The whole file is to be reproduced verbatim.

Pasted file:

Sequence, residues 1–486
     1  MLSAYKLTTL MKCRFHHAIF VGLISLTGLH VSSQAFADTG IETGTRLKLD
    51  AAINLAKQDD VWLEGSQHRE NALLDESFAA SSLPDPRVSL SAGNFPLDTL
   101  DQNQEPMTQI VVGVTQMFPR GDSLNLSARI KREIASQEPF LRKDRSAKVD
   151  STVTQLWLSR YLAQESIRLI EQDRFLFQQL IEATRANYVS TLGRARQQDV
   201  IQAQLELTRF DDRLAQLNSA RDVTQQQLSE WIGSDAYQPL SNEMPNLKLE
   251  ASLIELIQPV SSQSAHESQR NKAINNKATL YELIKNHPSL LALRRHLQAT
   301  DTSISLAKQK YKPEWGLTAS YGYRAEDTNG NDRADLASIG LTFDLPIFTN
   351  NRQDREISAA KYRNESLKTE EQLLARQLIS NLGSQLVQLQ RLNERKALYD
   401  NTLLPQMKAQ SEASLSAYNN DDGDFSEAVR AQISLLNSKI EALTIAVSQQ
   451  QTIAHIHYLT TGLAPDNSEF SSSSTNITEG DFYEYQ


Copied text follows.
Sequence, residues 1–486
     1  MLSAYKLTTL MKCRFHHAIF VGLISLTGLH VSSQAFADTG IETGTRLKLD
    51  AAINLAKQDD VWLEGSQHRE NALLDESFAA SSLPDPRVSL SAGNFPLDTL
   101  DQNQEPMTQI VVGVTQMFPR GDSLNLSARI KREIASQEPF LRKDRSAKVD
   151  STVTQLWLSR YLAQESIRLI EQDRFLFQQL IEATRANYVS TLGRARQQDV
   201  IQAQLELTRF DDRLAQLNSA RDVTQQQLSE WIGSDAYQPL SNEMPNLKLE
   251  ASLIELIQPV SSQSAHESQR NKAINNKATL YELIKNHPSL LALRRHLQAT
   301  DTSISLAKQK YKPEWGLTAS YGYRAEDTNG NDRADLASIG LTFDLPIFTN
   351  NRQDREISAA KYRNESLKTE EQLLARQLIS NLGSQLVQLQ RLNERKALYD
   401  NTLLPQMKAQ SEASLSAYNN DDGDFSEAVR AQISLLNSKI EALTIAVSQQ
   451  QTIAHIHYLT TGLAPDNSEF SSSSTNITEG DFYEYQ